Kincaid, J., Fishburne, R., Rogers, R. and Chisholm, B. (1975) Derivation of New Readability Formulas (Automated Readability Index, Fog Count, and Flesch Reading Ease Formula) for Navy Enlisted Personnel. Research Branch Report 8-75. Memphis, TN: Chief of Naval Technical Training Naval Air Station. Retrieved from

Kirsch, I., Jungeblut, A., Jenkins, L. and Kolstad, A. (1993) Adult Literacy in America: A First Look at the Results of the National Adult Literacy Survey. Washington, DC: National Center for Educational Statistics.

Kost, K. and Henshaw, S. (2012) U.S. Teenage Pregnancies, Births and Abortions, 2008: National Trends by Race and Ethnicity. Retrieved from

Kripalani, S., Jacobson, K. L., Brown, S., Manning, K., Rask, K. J. and Jacobson, T. A. (2006) Development and implementation of a health literacy training program for medical residents. Medical Education Online 11 (13): 1–8.

Kutner, M., Greenberg, E., Jin, Y. and Paulsen, C. (2006) The Health Literacy of America’s Adults: Results from the 2003 National Assessment of Adult Literacy. Washington, DC: United States Department of Education-the National Center for Education Statistics. Retrieved from

Lewontin, R. C. (1991). Biology as Ideology: The Doctrine of DNA. New York: HarperCollins.

McKay, A. and Barrett, M. (2010) Trends in teen pregnancy rates from 1996–2006: A comparison of Canada, Sweden, USA, and England/Wales. Canadian Journal of Human Sexuality 19 (1-2): 43–52.

Peterson, L. S., Oakley, D., Potter, L. S. and Darroch, J. E. (1998) Women’s efforts to prevent pregnancy: Consistency of oral contraceptive use. Family Planning Perspectives 30 (1): 19–23.

Radecki, S. E. and Beckman, L. J. (1994) Contraceptive risk-taking in a medically-underserved, low-income population. Women and Health 21 (1): 1–15.

Ratzan, S. C. and Parker, R. M. (2000) Introduction. In C. Selden, M. Zorn, S. Ratzan and R. Parker (eds) National Library of Medicine Current Bibliographies in Medicine: Health Literacy, 6. Bethesda, MD: National Institutes of Health, US Department of Health and Human Services.

Rivera, R., Reed, J. S. and Menius, D. (1992) Evaluating the readability of informed consent forms used in contraceptive clinical trials. International Jornal of Gynaecology and Obstetrics 38 (3): 227–230.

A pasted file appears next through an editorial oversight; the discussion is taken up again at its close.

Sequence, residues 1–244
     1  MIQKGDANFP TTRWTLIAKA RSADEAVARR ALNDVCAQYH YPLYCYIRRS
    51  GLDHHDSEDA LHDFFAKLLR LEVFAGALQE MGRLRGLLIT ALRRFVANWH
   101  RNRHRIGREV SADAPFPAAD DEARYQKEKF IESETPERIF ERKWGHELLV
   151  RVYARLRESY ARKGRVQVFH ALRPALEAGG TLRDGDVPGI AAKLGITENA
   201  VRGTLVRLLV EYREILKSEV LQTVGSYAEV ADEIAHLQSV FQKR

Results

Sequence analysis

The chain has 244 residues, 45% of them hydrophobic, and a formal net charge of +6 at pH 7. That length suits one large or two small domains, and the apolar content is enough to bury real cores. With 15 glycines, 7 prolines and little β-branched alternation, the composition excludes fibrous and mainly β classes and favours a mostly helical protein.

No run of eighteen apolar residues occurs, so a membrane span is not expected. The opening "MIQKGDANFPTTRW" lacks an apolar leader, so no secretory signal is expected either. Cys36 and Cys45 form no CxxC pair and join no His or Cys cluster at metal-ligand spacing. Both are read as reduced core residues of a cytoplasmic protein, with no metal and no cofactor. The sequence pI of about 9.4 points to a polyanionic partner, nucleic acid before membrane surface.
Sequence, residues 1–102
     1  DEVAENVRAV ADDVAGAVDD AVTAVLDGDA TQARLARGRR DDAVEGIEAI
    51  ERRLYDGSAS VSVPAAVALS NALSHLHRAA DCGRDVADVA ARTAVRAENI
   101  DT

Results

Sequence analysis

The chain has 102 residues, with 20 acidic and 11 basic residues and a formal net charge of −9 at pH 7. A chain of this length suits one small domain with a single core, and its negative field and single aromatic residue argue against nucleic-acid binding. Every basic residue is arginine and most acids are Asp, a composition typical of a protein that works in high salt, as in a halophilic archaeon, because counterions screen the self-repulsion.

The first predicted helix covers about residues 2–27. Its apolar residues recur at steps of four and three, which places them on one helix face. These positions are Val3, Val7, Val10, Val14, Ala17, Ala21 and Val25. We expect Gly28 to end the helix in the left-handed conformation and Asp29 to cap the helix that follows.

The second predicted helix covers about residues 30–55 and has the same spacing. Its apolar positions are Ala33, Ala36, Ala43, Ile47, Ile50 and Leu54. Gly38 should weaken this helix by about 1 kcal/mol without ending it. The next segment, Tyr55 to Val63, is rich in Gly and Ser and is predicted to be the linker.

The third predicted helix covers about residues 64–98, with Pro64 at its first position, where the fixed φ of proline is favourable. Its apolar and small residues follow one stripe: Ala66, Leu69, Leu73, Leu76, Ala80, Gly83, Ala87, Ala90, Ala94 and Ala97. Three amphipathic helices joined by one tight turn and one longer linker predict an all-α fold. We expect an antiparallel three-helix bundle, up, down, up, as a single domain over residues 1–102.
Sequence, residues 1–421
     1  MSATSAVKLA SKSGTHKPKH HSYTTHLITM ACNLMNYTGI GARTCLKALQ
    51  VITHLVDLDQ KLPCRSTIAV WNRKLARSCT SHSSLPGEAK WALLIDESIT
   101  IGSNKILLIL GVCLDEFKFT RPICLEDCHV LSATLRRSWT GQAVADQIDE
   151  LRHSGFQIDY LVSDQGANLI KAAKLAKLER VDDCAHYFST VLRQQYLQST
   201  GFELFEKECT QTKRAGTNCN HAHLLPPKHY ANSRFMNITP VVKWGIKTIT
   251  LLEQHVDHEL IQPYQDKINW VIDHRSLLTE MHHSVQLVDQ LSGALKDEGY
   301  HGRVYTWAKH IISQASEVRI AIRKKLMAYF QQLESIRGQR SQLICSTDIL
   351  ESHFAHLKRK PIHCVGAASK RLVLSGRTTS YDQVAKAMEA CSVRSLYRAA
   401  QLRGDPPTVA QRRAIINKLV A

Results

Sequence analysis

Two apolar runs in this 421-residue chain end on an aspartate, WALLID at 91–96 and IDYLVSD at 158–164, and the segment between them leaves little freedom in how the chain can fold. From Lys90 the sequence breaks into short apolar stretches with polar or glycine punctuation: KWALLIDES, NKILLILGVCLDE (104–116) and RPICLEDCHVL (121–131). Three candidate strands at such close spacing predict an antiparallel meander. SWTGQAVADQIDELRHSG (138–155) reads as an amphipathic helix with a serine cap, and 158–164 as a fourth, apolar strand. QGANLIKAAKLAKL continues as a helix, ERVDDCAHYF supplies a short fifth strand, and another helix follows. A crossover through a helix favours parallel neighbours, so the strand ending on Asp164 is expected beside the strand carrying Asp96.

Rogers, E. S., Wallace, L. S. and Weiss, B. D. (2006) Misperceptions of medical understanding in low-literacy patients: Implications for cancer prevention. Cancer Control 13 (3): 225–229.

Schieffelin, B. B., Woolard, K. A. and Kroskrity, P. V. (eds) (1998) Language Ideologies: Practice and Theory. Oxford: Oxford University Press.

Schillinger, D., Grumbach, K., Piette, J., Wang, F., Osmond, D., Daher, C., Palacios, J., Sullivan, G. P. and Bindman, A. B. (2002) Association of health literacy with diabetes outcomes. Journal of the American Medical Association 288 (4): 475–482.

Schillinger, D., Piette, J., Grumbach, K., Wang, F., Wilson, C., Daher, C. and Bindman, A. B. (2003) Closing the loop: Physician communication with diabetic patients who have low health literacy. Archives of Internal Medicine 163 (1): 83–90.

Turner, V. W. (1969) The Ritual Process: Structure and Anti-structure. Chicago: Aldine.

Weiss, B. D. (2003) Health Literacy: A Manual for Clinicians. Chicago: American Medical Association Foundation.

White, S. (2008) Assessing the Nation’s Health Literacy: Key Concepts and Findings of the National Assessment of Adult Literacy (NAAL). Chicago: American Medical Association Foundation.

Williams, M. V., Davis, T., Parker, R. M. and Weiss, B. D. (2002) The role of health literacy in patient-physician communication. Family Medicine 34 (5): 383–389.

Williams, M. V., Parker, R. M., Baker, D. W., Parikh, N. S., Pitkin, K., Coates, W. C. and Nurss, J. R. (1995) Inadequate functional health literacy among patients at two public hospitals. Journal of the American Medical Association 274 (21): 1677–1682.

Williams-Deane, M. and Potter, L. S. (1992) Current oral contraceptive use instructions: An analysis of patient package inserts. Family Planning Perspectives 24 (3): 111–115.


  • There are currently no refbacks.

Equinox Publishing Ltd - 415 The Workstation 15 Paternoster Row, Sheffield, S1 2BX United Kingdom
Telephone: +44 (0)114 221-0285 - Email:

Privacy Policy